From ‘Feud’ to ‘Get Out,’ there has never been a better time for the oft-snubbed genre
One of the most surreal moments in Ryan Murphy’s Feud is when Joan Crawford and Bette Davis vie for Oscar nominations for their performances in the campy horror film Whatever Happened to Baby Jane? Especially the moment when Davis clinches her Best Actress nomination. The Academy Awards aren’t big fans of horror. At least not anymore. But after the success of 1960’s Psycho, horror films became highly profitable. And within the horror genre, a subgenre of “hagsploitation” films became incredibly popular and profitable. The term is a degrading one, used for films that starred aging actresses in pulpy, horror scenarios, such as Crawford in Strait-Jacket, Olivia De Havilland in Lady in a Cage, and Debbie Reynolds and Shelley Winters in What’s the Matter With Helen? But, degrading as these films were, they starred revered and respected Hollywood actresses. They also often garnered awards attention. But as the need for the films dried up, so did serious Academy interest in horror.
After all, once Halloween was a surprise hit in 1978, slasher films with unknown actresses became de rigueur in Hollywood. Horror films were more about blood and gore than they were vehicles for older actresses with meaty roles and multiple monologues. Which isn’t to knock slasher films, because I love them. But when even the best of the slasher genre —
1996’s Scream, for example — can’t get any Oscar attention, that’s just a good old-fashioned genre snub.
There are exceptions, of course. There’s prestige horror, like Jonathan Demme directing The Silence of the Lambs (it won Best Picture, Best Director, and Best Adapted Screenplay, as well as Best Actor and Best Actress for Anthony Hopkins and Jodie Foster). Or Darren Aronofsky directing Black Swan (which was nominated in several categories but only garnered a Best Actress win for Natalie Portman).
Even a well-made piece of horror like The Conjuring tends to get ignored. Lord knows even actress Nicole Kidman, who is getting much-deserved attention for her performance in HBO’s Big Little Lies and is amazing in every one of her roles, couldn’t get nominations for frequent horror turns like 2001’s The Others, 2007’s The Invasion, or 2013’s Stoker. This is why fans of actresses like Kidman, Viola Davis, Angela Bassett, or Laura Dern are excited to see television embrace their favorite performers when cinema won’t. Horror is quite en vogue on television, in large part thanks to Murphy’s other series, American Horror Story, and AMC’s The Walking Dead, so Jessica Lange and Susan Sarandon can garner awards buzz for their roles as Crawford and Davis in Feud, whereas if they acted in the films that the actresses themselves got attention for in the ’60s, they’d never get anywhere close to a golden statuette. With creators like Murphy reviving the horror genre and bringing it Emmy prestige, it’s becoming harder for voters to ignore that the genre can provide great roles for actresses and also be worthy of accolades.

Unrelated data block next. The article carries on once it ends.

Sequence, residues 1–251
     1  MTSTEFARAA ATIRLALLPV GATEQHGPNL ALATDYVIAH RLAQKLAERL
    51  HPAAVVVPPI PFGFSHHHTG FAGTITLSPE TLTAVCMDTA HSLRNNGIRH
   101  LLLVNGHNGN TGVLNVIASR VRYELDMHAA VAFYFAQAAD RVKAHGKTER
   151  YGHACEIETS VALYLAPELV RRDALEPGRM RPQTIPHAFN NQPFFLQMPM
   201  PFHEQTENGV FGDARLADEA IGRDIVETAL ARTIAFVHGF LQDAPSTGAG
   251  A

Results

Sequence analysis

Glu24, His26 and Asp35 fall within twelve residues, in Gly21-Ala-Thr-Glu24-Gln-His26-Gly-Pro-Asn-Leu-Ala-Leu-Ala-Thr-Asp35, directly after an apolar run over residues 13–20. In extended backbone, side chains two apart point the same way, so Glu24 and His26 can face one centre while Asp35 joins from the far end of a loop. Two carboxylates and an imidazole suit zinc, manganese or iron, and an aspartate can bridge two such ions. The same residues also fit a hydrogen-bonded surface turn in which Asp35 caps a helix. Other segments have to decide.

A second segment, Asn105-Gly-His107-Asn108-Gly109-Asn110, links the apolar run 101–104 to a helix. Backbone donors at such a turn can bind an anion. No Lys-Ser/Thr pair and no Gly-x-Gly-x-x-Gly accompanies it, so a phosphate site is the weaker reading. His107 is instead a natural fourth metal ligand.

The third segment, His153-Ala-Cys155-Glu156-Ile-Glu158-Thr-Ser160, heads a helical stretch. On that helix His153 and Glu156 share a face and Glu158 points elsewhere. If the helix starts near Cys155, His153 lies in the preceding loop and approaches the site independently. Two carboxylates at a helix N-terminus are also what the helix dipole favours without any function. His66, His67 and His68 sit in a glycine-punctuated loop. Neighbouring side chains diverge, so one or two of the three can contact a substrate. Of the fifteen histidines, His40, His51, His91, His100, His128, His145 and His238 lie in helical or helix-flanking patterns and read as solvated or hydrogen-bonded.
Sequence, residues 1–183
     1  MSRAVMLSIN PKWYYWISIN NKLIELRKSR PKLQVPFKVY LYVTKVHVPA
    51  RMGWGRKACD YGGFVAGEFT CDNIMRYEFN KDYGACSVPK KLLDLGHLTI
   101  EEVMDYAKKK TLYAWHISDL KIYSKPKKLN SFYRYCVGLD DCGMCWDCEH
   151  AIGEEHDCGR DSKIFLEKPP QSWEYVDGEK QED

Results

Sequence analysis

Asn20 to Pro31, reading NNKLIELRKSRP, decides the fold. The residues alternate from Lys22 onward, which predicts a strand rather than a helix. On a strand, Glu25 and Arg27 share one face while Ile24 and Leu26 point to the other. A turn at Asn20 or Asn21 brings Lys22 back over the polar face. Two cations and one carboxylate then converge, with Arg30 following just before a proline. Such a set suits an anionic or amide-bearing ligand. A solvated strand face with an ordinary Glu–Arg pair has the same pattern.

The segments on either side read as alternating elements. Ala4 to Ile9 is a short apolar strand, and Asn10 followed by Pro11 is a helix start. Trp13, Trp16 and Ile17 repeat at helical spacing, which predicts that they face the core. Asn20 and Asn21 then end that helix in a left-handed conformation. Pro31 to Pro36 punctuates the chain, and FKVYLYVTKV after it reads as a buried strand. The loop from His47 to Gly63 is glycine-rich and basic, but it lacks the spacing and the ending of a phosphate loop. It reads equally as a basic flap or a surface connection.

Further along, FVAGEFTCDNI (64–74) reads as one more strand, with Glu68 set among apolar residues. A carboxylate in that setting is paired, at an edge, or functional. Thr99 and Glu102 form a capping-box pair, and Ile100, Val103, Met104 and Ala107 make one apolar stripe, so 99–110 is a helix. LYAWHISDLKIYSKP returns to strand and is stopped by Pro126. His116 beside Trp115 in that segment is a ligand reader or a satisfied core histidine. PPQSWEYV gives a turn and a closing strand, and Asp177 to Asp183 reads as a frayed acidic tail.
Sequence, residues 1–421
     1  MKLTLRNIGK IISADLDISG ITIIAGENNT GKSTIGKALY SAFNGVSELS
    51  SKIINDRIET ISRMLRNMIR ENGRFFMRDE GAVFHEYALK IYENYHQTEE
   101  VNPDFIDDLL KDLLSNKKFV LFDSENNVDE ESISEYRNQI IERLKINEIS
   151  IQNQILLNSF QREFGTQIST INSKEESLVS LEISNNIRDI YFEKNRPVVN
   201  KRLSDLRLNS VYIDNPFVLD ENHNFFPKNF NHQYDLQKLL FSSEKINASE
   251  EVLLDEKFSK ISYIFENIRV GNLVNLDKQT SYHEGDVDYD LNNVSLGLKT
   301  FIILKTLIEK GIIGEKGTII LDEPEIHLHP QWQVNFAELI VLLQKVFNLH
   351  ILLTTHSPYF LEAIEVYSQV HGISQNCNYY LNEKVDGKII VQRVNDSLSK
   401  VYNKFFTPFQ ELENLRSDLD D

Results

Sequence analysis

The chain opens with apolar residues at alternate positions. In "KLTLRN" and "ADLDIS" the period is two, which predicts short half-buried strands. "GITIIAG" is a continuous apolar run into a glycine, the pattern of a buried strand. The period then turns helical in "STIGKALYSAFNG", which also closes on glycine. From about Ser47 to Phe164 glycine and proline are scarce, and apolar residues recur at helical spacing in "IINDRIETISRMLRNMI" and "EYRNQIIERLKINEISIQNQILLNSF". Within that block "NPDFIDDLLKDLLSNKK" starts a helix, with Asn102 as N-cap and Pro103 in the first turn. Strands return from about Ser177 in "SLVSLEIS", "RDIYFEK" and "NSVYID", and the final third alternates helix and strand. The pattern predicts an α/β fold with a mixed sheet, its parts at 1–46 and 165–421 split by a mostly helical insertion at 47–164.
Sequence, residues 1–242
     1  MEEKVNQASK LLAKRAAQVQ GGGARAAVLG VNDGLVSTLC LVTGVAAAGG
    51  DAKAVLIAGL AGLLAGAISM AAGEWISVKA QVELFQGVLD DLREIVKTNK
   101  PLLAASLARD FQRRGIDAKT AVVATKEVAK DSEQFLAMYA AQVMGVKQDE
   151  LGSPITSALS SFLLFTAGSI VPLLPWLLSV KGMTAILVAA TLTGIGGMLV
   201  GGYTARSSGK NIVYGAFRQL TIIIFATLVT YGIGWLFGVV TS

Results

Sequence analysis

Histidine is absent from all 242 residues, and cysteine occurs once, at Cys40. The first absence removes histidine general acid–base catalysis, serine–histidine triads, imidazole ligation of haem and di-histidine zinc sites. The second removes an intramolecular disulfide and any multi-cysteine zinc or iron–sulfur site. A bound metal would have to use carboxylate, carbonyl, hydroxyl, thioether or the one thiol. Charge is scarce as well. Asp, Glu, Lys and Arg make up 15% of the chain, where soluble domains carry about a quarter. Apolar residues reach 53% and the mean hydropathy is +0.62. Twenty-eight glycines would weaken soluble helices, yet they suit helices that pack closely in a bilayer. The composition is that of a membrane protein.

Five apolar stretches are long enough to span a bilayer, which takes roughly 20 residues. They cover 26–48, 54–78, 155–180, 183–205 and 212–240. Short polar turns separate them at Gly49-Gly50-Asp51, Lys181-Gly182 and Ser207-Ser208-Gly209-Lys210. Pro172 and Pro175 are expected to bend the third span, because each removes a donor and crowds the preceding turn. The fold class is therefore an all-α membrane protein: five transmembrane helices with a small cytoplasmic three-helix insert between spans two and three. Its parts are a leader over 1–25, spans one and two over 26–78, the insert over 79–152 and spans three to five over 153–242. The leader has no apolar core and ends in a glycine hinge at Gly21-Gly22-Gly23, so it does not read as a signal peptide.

Not that Murphy can take all of the credit here. Horror is the best it’s ever been, in large part thanks to production companies like Blumhouse and creators like Jordan Peele. Revitalizing the genre for a race-based take on body horror in this year’s Get Out has produced not only a smart script, critical accolades, and stellar performances, it has also become the first film from a black director with his own screenplay to surpass $100 million at the box office. Get Out is such a powerful film that it’s still dominating conversations two months after its release. The Academy Awards could ignore it, but with larger pushes for diversity in the nominations — and the fact that it’s just a really fucking good movie — it’ll be very hard to do that. What’s more, Get Out provided a chilling role for the twice Academy Award–nominated Catherine Keener. If she secures a nomination alongside Peele, who’s to say more actresses won’t be clamoring for their own chance to play against type in a horror film? Back in the day, films like Whatever Happened to Baby Jane? were seen as flukes. In 2017, audiences have made it loud and clear that they crave horror. They just want it to be good.